The Guardian view on health spending: a broken promise that voters are unlikely to forget or forgive | Editorial

In 2010, the Commons health select committee warned the new Conservative-led government that the NHS in England was facing cuts rather than the promised real-terms increases. The message could not be easily dismissed, as the committee was then chaired by a former Tory cabinet minister. Now, eight health secretaries later, plus ça change, plus c’est la même chose. The Institute for Fiscal Studies said this week that day-to-day NHS spending had grown by 2.7% a year during the current parliament, well short of the 3.3% annual increases pledged by Boris Johnson in 2019.

The Tories claimed at the last election to be the party of the NHS, seeking to capitalise on Brexit’s unfounded claim to be good for the health service. Voters don’t buy that today. Long waiting lists at hospitals for elective operations and frustration over the lack of access to GPs have led to public satisfaction with the health service plummeting to an all-time low. An estimated 250 patients are dying unnecessarily every week in England because of the queues for emergency care. Both the government and NHS England blame industrial action for waiting lists not falling fast enough. But, as the Nuffield Trust health thinktank pointed out last year, it is “unlikely that the lost activity would have been enough to enable waiting lists to come down”.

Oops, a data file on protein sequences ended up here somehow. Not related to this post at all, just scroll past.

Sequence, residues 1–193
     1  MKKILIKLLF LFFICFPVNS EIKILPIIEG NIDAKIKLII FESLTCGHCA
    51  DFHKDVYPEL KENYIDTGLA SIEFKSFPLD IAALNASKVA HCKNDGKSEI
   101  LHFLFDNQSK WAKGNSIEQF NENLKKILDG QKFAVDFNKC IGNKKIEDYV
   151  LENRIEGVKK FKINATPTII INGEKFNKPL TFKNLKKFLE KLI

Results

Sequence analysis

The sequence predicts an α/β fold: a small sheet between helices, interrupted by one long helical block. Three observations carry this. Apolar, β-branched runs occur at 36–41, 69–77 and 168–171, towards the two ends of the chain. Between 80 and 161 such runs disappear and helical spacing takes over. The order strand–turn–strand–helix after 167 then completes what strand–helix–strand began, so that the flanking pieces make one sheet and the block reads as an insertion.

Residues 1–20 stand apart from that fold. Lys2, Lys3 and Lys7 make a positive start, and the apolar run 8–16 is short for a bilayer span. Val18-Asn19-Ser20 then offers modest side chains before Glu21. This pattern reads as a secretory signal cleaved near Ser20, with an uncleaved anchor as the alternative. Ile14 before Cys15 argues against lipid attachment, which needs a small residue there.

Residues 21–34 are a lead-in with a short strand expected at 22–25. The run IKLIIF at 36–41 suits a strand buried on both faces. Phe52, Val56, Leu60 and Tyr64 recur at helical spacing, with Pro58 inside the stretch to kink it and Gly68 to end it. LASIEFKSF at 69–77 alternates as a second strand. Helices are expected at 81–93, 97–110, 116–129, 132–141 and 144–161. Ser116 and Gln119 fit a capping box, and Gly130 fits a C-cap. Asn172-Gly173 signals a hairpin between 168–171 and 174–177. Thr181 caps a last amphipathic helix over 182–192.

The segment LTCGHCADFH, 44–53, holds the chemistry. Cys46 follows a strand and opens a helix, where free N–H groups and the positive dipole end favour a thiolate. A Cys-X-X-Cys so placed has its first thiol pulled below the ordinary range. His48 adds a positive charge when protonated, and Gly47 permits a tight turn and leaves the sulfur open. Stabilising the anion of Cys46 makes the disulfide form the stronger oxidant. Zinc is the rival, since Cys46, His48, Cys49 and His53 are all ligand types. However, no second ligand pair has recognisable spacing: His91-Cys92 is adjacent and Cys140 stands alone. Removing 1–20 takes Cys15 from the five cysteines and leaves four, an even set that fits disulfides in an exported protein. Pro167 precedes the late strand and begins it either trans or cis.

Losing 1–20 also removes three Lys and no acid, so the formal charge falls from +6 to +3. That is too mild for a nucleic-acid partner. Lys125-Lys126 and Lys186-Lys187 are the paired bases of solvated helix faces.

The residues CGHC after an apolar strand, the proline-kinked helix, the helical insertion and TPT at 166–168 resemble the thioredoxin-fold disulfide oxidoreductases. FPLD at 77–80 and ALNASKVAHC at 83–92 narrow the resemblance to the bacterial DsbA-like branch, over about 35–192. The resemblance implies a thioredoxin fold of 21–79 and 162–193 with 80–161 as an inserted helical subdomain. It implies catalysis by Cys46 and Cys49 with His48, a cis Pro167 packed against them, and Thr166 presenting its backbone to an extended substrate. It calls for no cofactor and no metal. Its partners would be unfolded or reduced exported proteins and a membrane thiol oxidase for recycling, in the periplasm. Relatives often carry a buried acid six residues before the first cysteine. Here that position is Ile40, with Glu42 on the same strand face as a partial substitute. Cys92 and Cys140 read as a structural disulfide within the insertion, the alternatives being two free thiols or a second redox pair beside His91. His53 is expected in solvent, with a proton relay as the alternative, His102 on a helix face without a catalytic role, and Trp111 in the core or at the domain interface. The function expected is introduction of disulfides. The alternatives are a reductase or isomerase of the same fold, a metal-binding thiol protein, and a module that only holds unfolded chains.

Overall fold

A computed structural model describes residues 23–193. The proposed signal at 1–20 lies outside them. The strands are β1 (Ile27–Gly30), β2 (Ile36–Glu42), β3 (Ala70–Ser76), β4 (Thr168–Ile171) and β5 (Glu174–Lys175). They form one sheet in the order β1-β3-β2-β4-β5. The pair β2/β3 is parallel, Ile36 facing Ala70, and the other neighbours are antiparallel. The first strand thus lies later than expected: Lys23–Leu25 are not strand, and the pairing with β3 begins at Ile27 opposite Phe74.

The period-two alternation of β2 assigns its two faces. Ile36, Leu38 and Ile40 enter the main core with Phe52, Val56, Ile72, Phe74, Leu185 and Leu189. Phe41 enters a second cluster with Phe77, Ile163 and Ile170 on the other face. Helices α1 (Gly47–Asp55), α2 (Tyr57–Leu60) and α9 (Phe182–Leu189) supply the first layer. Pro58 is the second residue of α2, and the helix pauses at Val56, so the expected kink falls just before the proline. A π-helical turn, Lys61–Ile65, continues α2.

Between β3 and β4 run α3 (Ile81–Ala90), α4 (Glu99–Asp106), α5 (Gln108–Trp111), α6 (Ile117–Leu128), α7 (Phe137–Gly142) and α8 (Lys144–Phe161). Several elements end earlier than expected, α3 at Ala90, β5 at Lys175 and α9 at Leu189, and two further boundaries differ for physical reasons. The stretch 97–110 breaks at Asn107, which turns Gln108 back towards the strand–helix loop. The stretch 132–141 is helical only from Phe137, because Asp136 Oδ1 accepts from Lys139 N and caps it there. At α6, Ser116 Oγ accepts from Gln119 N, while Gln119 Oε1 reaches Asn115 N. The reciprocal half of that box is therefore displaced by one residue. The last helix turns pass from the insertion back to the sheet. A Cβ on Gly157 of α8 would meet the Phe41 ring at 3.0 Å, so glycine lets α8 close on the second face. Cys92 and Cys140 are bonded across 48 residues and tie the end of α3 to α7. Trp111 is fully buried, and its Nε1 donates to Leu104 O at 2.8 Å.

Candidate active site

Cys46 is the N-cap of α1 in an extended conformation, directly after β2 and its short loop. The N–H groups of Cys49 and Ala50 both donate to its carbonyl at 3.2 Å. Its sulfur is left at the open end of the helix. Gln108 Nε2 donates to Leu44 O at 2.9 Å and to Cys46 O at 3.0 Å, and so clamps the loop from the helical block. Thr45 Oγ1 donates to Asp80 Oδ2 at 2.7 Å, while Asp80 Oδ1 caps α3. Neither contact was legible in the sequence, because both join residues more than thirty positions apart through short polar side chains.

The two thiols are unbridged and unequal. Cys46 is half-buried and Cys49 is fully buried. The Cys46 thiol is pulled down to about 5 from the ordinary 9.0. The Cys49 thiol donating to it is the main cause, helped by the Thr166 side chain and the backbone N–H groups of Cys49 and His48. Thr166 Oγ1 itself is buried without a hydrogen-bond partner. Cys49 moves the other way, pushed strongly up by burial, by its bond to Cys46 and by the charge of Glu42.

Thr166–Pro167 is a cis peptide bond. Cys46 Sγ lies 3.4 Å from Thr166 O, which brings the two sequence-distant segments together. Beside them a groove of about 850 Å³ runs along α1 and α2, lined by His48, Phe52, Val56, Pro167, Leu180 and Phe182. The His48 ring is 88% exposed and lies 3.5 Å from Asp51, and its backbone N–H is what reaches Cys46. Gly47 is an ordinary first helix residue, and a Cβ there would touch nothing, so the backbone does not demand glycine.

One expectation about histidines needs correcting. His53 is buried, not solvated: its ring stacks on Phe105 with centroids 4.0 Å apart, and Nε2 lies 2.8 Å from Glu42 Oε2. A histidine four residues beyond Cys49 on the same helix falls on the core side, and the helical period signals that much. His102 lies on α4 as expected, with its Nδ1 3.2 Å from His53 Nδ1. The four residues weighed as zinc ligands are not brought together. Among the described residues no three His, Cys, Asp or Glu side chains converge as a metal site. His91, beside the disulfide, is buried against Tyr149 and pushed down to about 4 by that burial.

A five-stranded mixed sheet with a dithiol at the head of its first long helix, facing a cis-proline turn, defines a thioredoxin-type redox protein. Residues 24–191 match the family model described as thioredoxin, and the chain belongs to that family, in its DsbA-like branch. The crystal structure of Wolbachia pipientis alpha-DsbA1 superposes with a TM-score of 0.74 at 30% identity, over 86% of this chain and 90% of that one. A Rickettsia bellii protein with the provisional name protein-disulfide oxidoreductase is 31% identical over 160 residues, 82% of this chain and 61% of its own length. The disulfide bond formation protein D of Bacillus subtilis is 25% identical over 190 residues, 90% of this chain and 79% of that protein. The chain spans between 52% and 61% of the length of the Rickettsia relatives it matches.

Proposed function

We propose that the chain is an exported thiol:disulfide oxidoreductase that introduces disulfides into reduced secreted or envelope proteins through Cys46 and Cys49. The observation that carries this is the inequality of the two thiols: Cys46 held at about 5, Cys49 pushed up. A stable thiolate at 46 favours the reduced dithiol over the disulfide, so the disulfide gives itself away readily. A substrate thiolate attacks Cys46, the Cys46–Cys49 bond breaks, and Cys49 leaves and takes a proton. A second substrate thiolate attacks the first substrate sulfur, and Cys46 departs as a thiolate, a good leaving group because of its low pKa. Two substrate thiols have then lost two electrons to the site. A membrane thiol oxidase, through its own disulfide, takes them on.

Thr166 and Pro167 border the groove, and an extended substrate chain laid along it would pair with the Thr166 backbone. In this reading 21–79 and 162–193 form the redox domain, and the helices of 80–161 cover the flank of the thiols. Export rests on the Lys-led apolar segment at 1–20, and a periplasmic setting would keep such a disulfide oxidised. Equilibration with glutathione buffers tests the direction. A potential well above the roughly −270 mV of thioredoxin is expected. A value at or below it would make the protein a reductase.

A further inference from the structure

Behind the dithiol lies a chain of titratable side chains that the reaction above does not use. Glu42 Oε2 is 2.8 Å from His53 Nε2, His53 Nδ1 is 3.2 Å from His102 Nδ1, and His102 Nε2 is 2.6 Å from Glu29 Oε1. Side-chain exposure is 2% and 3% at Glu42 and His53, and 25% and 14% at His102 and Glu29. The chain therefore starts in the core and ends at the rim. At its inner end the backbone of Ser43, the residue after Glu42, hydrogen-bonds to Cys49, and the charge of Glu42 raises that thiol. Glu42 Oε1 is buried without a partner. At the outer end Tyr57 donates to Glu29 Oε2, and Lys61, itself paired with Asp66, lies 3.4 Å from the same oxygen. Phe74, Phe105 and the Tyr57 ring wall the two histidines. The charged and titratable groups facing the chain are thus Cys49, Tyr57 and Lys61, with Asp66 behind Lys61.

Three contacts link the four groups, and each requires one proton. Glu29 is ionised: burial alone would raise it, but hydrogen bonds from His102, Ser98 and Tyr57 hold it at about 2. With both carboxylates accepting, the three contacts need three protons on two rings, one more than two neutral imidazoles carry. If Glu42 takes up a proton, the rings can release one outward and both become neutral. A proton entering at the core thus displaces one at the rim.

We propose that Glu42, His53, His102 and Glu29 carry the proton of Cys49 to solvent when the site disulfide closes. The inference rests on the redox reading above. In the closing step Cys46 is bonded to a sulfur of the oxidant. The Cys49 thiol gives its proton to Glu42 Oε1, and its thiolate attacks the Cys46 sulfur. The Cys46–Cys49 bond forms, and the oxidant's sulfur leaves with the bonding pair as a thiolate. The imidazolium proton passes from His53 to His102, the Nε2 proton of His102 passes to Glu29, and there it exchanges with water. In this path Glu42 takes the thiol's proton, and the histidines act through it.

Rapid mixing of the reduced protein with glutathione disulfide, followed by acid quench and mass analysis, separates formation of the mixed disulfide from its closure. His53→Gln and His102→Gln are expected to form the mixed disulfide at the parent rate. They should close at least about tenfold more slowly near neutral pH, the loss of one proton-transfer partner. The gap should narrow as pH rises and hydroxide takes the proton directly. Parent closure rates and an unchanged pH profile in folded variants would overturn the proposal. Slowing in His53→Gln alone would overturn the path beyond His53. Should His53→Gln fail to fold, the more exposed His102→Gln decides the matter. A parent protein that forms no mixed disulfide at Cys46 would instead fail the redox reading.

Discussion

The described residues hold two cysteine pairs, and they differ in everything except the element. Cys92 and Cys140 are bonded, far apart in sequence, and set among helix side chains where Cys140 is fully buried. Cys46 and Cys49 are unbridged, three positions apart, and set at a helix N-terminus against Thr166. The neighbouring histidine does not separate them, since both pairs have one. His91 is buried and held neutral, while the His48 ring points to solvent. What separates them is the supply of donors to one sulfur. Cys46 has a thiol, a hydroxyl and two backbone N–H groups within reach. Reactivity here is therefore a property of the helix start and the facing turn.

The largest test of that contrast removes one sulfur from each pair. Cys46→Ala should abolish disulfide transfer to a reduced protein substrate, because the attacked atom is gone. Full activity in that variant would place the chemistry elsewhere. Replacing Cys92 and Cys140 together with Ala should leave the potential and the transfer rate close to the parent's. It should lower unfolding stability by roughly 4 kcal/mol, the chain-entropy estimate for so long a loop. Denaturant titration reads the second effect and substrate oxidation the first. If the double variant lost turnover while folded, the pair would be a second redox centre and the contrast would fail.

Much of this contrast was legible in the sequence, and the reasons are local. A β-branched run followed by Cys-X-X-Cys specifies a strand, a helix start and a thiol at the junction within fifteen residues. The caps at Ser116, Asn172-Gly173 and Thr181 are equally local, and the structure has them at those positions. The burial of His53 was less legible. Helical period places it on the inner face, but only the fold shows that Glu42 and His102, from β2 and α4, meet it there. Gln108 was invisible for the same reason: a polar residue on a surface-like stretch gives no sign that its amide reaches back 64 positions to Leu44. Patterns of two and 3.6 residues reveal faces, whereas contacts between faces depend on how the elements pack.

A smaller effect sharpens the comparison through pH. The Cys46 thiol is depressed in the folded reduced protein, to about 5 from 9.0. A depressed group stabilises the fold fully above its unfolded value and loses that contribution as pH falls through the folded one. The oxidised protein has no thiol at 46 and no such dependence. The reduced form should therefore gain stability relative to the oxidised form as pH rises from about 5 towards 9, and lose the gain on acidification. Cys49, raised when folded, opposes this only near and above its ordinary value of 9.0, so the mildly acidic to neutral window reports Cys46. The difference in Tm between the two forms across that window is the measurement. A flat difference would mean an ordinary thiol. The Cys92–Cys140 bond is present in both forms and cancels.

It is true that the pandemic and cost of living shock have not made life easy for ministers. But there has been resistance in Conservative ranks to viewing the NHS as a national investment that improves societal wellbeing, protects people from the financial consequences of illness, reduces health inequalities and supports economic growth. Rather, it is seen by many Tories as a drain on the public purse.

From 2010/11 to 2019/20, the average funding increase for the health service was less than 2%, which led to a shortfall of about £30bn in its annual budget, compared with what would have been expected if the NHS had received the historical rate of spending that allowed it to keep pace with long-term pressures from demography, medical advances and rising patient expectations. The result was that the number of patients who had been referred to hospital but were still waiting for treatment doubled from 2.3m in January 2010 to 4.6m in December 2019.

Covid-19 only made things worse – the overall waiting list for routine treatments stood at 7.54m in February. Sufficient funding has not materialised to deal with the backlog. Demand for private healthcare has soared, leading to concerns of a two-tier system. Sir Keir Starmer says his party will get the health service “back on its feet”. This may be costly. Labour has signed up to the government’s NHS workforce plan, which implies annual budget increases of 3.6% a year in real terms. In Sir Keir’s defence, he might say that this is a long-term ambition. However, the Labour leader might not want to leave it too long. A winter flu crisis and rising public anger forced Tony Blair’s hand over NHS spending in 2000. Surely it would be better for Sir Keir to be ahead of the curve than behind it.

The Guardian